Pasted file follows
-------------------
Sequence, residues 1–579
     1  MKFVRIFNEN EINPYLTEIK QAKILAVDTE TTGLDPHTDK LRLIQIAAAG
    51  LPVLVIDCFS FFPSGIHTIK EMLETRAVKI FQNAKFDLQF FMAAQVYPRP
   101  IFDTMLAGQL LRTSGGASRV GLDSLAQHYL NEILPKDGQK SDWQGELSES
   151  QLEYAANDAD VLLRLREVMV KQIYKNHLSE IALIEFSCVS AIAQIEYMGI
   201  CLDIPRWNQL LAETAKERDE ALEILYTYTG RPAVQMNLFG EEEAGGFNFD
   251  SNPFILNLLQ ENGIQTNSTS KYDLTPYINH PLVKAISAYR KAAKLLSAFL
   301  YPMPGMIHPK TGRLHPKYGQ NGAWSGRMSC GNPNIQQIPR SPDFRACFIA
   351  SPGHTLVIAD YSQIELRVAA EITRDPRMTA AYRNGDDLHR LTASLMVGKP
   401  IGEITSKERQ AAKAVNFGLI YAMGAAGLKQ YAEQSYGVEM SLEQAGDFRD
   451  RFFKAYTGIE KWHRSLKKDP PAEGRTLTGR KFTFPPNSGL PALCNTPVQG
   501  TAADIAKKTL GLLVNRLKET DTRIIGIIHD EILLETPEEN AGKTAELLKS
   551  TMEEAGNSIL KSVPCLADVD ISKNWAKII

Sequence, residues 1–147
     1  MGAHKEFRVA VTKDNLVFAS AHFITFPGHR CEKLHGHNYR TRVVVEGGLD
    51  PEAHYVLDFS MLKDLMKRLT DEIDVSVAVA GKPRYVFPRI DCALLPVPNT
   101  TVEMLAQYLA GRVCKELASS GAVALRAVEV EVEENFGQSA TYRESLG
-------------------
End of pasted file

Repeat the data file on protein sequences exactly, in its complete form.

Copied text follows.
Sequence, residues 1–579
     1  MKFVRIFNEN EINPYLTEIK QAKILAVDTE TTGLDPHTDK LRLIQIAAAG
    51  LPVLVIDCFS FFPSGIHTIK EMLETRAVKI FQNAKFDLQF FMAAQVYPRP
   101  IFDTMLAGQL LRTSGGASRV GLDSLAQHYL NEILPKDGQK SDWQGELSES
   151  QLEYAANDAD VLLRLREVMV KQIYKNHLSE IALIEFSCVS AIAQIEYMGI
   201  CLDIPRWNQL LAETAKERDE ALEILYTYTG RPAVQMNLFG EEEAGGFNFD
   251  SNPFILNLLQ ENGIQTNSTS KYDLTPYINH PLVKAISAYR KAAKLLSAFL
   301  YPMPGMIHPK TGRLHPKYGQ NGAWSGRMSC GNPNIQQIPR SPDFRACFIA
   351  SPGHTLVIAD YSQIELRVAA EITRDPRMTA AYRNGDDLHR LTASLMVGKP
   401  IGEITSKERQ AAKAVNFGLI YAMGAAGLKQ YAEQSYGVEM SLEQAGDFRD
   451  RFFKAYTGIE KWHRSLKKDP PAEGRTLTGR KFTFPPNSGL PALCNTPVQG
   501  TAADIAKKTL GLLVNRLKET DTRIIGIIHD EILLETPEEN AGKTAELLKS
   551  TMEEAGNSIL KSVPCLADVD ISKNWAKII

Sequence, residues 1–147
     1  MGAHKEFRVA VTKDNLVFAS AHFITFPGHR CEKLHGHNYR TRVVVEGGLD
    51  PEAHYVLDFS MLKDLMKRLT DEIDVSVAVA GKPRYVFPRI DCALLPVPNT
   101  TVEMLAQYLA GRVCKELASS GAVALRAVEV EVEENFGQSA TYRESLG